“Being delicate had killed her mother, and yet he was so eager to bestow that quality on her.”

I also loved the wintery scenery and atmosphere. I truly felt like I was at Whitespring multiple times in this story, and I give Melissa Bashardoust all the credit in the world for such a magical transportation.

And I really enjoyed the found family elements in this book, too. This book is like a love letter to found families. I wish more books talked about how it’s so much more important to find people who love you unconditionally and will support you no matter what, rather than people who only happen to share the same blood as you.

My biggest problem with this book is that it reads like a middle grade novel. You guys know that I very rarely will pick up a middle grade book, and if I do I have to be in the right mindset for it. The writing in this just took me by surprise, and not in a good way. It was just too slow, too simple, and honestly just too boring. And major catastrophic events got somewhat skimmed over in a very middle grade like fashion.

My next problem with this book was simply that this book just wasn’t as gay as I wanted it to be. I wanted the romance between Lynet and Nadia to be the biggest part of this book, but it wasn’t even a major plot point in this book. And that alone wouldn’t even bother me that much, but Mina’s hetero relationship was for sure at the forefront of this story, and that just feels really bad.

I still recommend this for anyone who enjoys a good fairytale retelling, but just go into it knowing that it’s on the slower side. I also loved the important feminist messages, and I would love to put this in the hands of every preteen girl I know. I also think this would be a good book to curl up with this winter with a big cup of tea, because the snowy, wintery, whimsical magic in this is amazing and perfect for the winter season.

The quote above was taken from an ARC and is subject to change upon publication.

The Obelisk Gate (The Broken Earth #2) by N.K. Jemisin


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1.) The Fifth Season ★★★★★

Buddy Read with Petrik

I finished this book just after it won its Hugo award for the best novel of 2017. This and The Fifth Season are so deserving of the awards and praise they receive. These books leave me wordless, because there is no explaining how much of a meaningful impact these books have on the world, let alone the SFF community. All I can truly say is thank you to N.K. Jemisin for this world, these characters, and these important messages that continue to render me speechless.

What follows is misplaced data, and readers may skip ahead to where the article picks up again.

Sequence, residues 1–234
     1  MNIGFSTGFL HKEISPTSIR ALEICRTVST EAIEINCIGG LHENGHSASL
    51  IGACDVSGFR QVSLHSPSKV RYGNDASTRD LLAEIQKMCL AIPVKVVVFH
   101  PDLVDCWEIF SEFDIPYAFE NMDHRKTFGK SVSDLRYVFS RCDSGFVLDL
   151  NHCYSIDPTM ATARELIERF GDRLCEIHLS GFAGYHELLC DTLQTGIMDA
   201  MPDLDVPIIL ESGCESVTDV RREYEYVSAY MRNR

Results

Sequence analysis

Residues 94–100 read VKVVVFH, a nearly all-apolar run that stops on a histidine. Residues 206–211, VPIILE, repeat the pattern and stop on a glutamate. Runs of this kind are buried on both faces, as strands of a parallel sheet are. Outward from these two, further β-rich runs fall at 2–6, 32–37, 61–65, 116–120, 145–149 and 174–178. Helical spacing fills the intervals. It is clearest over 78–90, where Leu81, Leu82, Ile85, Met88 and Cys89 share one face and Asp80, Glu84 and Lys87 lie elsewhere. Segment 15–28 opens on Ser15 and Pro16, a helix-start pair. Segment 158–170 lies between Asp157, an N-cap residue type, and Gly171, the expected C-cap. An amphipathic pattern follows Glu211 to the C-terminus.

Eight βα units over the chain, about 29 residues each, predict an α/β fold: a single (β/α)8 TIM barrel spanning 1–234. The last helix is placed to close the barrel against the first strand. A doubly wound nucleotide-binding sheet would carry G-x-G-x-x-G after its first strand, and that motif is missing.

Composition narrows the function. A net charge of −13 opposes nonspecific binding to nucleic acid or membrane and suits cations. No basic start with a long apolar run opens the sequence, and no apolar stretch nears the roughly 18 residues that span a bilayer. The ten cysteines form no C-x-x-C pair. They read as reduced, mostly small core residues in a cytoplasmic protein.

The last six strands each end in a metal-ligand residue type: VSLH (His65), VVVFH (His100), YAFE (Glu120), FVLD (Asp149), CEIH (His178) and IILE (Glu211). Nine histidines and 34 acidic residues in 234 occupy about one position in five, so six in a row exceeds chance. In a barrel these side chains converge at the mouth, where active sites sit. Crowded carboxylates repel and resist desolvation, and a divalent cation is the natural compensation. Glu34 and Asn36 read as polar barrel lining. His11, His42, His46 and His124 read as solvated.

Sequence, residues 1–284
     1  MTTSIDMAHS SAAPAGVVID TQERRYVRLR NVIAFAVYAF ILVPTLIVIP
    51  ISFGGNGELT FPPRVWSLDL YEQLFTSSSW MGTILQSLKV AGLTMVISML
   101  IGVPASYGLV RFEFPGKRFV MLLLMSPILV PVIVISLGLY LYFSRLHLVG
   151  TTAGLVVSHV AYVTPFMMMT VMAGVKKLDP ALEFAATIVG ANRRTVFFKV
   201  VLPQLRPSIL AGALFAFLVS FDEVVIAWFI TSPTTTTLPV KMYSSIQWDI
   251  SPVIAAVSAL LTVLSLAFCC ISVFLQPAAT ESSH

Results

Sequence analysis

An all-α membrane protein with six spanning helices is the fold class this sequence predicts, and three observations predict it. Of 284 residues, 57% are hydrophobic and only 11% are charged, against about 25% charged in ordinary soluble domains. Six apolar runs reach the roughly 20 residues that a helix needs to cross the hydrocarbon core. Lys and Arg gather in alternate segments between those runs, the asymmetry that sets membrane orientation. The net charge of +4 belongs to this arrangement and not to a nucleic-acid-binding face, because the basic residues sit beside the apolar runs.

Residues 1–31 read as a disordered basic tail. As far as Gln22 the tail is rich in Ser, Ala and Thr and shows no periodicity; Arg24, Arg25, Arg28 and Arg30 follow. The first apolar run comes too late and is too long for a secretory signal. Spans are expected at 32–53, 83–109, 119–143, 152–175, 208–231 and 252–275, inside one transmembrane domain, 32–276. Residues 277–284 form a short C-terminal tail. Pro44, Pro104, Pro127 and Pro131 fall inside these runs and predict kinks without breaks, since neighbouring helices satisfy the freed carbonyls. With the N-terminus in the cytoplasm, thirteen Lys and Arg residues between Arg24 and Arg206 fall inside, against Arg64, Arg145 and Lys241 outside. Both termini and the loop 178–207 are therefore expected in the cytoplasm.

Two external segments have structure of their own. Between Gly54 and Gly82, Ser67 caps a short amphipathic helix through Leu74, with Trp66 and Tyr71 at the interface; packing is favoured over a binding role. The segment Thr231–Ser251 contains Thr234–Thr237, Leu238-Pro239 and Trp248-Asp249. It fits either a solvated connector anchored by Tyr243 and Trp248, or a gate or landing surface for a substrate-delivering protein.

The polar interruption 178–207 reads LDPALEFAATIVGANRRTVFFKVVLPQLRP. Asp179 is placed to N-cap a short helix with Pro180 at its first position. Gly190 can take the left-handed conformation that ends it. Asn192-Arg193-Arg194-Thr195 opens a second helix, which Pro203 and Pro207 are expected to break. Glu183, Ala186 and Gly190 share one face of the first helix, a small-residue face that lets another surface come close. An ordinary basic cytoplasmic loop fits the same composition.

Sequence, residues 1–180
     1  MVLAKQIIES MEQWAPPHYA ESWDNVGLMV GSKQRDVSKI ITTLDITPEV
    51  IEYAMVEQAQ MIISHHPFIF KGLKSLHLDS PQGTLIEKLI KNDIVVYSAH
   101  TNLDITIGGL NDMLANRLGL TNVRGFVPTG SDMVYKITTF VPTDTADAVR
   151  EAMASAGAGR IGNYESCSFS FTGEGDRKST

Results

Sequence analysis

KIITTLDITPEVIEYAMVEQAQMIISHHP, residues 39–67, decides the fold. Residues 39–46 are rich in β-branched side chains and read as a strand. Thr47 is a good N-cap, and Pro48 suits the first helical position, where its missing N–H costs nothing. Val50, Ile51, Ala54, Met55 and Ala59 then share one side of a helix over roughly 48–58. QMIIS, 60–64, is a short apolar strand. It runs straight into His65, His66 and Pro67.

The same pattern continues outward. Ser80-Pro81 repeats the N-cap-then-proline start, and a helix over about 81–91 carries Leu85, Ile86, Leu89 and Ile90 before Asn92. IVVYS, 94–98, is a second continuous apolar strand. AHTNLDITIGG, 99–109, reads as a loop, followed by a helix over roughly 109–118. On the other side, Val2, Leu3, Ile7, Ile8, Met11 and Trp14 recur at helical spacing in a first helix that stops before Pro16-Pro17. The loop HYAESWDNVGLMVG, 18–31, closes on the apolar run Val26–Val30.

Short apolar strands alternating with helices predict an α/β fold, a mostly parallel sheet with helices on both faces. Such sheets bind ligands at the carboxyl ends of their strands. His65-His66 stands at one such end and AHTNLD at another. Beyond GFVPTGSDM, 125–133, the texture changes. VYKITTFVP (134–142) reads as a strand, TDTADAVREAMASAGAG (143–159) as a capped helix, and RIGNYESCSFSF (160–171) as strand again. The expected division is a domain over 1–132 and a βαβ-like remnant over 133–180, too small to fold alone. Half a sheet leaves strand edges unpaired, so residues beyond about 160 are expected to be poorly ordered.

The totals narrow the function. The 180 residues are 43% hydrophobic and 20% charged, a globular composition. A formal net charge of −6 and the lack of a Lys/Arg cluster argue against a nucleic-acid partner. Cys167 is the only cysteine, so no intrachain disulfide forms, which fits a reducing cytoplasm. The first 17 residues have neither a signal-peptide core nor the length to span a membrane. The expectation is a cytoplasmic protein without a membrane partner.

I also finished this book the same night that white supremacists rallied at Charlottesville and spread their hate in my country. The country that says we are past racism. The country that is constantly telling us that we are the greatest and most forward-thinking country of all time. The country that’s passing this hatred and violence off as “free speech”.

“But if you stay, no part of this comm gets to decide that any part of this comm is expendable. No voting on who gets to be people.”

Literature does represent our real life. The Broken Earth trilogy makes us feel the things it does because it mimics our world today. It shows us the oppression unapologetically, and this oppression doesn’t just live in this SFF book, it’s in our world right now, even if you’re choosing to keep your eyes closed to it. This series is a masterpiece and I hope you read it, but I also hope you learn from it.

The Obelisk Gate picks up where The Fifth Season left off, where earth’s civilization is beginning to prepare for a new Season. What doesn’t kill them quickly, will starve them to death slowly. This book mostly follows Essun, one of the most powerful Orogene in existence, where she is trying to live in a new community in a rather strange location. She meets up with old friends who are now also a part of this community, but her thoughts never stray from her daughter that has been missing since the start of The Fifth Season. Essun is also met with new problems and dilemmas that are so much bigger than the community she is residing in.

This is one of the most immersive books I’ve ever read. The narrative of this book just forcefully will pull the reader into this broken world, regardless of if they want to or not. You can’t help all the connections you will feel and form subconsciously. You end up with this experience that just feels so real and so emotionally overwhelming. Plus, I read this with so many tears in my eyes constantly, because even though this earth is trying to kill everyone that inhabits it, it is still the humans that are the terrifying villains.